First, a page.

At the beginning of December I turned our first dahlia tubers into dahlia pan haggerty, which turned out to be quite nice. Just before Christmas I was translating Mexican dahlia ‘yam’ recipes, as you do, looking for ways to use the rest of the harvest. Most of the ideas were fairly undramatic, involving boiling dahlia tubers for quite some time and then serving them in some sort of salad. A little further into my research I came across something a lot more intriguing – dahlia desserts.
I tried the recipe that looked most promising and seasonal – boiling dahlia yams in a spiced syrup. It made the whole house smell like Christmas! The end result was… delightful. I popped it in the fridge to cool down and pulled it out again to give Ryan a taste when he got home from work.
He loved it, but rather than serve it as it was, which is what the original recipe intended, he had a different idea – dahlia ice cream. Christmas intervened, and the syrup sat in the fridge for a couple of weeks, but then I found the time to pop it into the ice cream machine. We served the resulting sweet when Rhizowen came to visit. It seemed appropriate, given his obsession with unusual roots. And the verdict? Delicious, definitely one to make again!
So, down to details. The edible dahlia I selected for this recipe was Buga München from Lubera, a semi-cactus variety that is compact and good for growing in containers. According to the Lubera website, it lacks the fibrous nature of other varieties, being crisp with a sweet note – it sounded like the ideal candidate for a dessert recipe. Also, my harvested roots were rapidly growing white mould, so it seemed like a good idea to use them before they were inedible. I did try potting up the remaining crown of the plant to see whether it will survive. Watch this space… (it’s a while since I have been out to the shed to check on things).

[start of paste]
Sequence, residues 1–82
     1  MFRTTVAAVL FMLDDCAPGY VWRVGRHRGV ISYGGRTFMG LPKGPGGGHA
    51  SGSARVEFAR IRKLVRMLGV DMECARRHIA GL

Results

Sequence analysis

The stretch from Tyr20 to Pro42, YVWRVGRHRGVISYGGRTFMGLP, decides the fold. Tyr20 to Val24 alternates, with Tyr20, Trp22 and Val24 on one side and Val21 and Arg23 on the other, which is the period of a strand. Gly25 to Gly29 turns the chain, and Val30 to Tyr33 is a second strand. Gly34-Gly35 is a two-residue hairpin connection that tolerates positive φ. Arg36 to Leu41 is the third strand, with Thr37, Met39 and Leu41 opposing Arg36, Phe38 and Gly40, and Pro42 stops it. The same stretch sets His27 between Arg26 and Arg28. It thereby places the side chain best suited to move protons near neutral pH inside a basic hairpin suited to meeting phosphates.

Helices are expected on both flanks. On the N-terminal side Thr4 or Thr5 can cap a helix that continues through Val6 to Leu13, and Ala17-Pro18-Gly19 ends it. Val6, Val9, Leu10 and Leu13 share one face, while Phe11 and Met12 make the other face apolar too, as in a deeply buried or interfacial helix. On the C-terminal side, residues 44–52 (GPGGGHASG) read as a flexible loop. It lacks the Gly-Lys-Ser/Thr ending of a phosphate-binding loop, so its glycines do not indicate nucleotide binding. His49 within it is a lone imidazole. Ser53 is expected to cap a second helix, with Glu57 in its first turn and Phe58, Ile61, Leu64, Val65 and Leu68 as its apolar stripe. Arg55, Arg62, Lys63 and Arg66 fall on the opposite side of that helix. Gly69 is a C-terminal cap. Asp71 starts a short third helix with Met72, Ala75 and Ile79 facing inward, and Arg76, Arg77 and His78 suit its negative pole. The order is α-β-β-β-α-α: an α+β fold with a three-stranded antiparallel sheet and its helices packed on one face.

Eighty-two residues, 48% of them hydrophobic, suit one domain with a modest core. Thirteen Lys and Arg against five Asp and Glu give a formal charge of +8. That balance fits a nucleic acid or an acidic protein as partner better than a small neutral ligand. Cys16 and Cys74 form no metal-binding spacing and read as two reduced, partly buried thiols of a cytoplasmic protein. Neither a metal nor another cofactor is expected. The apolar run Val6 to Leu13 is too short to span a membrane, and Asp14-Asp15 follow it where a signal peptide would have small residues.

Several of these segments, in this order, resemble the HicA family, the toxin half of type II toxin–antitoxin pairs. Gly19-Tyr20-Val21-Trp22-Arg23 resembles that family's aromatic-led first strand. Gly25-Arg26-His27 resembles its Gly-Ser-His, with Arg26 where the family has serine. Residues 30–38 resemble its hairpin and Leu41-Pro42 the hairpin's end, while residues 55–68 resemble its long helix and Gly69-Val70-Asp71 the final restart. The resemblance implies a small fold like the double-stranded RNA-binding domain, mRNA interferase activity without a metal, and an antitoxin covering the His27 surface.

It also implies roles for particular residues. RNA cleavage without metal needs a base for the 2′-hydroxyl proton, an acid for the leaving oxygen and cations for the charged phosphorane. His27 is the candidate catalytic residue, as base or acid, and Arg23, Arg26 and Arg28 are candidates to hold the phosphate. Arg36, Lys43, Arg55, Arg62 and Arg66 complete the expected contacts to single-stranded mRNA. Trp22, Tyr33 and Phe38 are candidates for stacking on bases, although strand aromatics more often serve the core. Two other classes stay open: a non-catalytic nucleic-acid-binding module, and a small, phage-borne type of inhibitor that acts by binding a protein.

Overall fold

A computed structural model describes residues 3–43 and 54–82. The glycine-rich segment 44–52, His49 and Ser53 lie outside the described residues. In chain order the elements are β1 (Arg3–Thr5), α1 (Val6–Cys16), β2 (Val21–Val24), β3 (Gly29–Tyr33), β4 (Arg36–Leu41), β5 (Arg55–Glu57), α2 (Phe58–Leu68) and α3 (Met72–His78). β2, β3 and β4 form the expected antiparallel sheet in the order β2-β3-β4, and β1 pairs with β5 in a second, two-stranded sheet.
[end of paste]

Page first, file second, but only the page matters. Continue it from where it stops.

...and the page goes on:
Recipe for fragrant dahlia ice cream
In the end, I only had 67g of harvested roots, which I peeled and diced. I boiled them in half a litre of water for about 10 minutes, then added a cinnamon stick (5g), 5 whole star anise (5g), 2g of cloves and 200g golden caster sugar and let the dahlia yams simmer in this spiced, simple syrup for another 10 mins (lid on). Then I turned off the heat and let them cool down in the pan, before transferring them to the fridge.
What you get is a lovely, spiced syrup with some crisp dahlia chunks. This amount of syrup would have covered a much larger dahlia harvest if you wanted to serve the dahlias cooked in syrup – they make a reasonably nice poached ‘fruit’ dessert.
Instead, we fished out the spices, mixed the syrup into 1 litre of goat’s yoghurt and used the ice cream maker to turn it into a frozen dessert. It doesn’t come out of the ice cream maker frozen solid, so it gets portioned up and put into the freezer in plastic pots. Depending on the consistency of the mix, some frozen yoghurts are more solid than others. Some still need a machete to cut through them after 30 mins warming up time. This one, however, is quite civilized – you don’t need to plan too far ahead when you want to eat it!
What we ended up with was a white, sweet and fragrant ice cream with the occasional chunk of crisp dahlia. We loved it, and will definitely be making it again.
So… does Buga München make the grade for growing again this year? Well… it doesn’t have the most spectacular flowers, and its yield was low compared to the other varieties. Things aren’t looking good for poor old Buga München, but it does depend on how the other varieties stack up. So stay tuned for the next exciting installment of Dicing With Dahlias!
This blog post was written by Emma Cooper and was published on The Unconventional Gardener website. If you're reading it elsewhere you may want to navigate away from plagiarised content.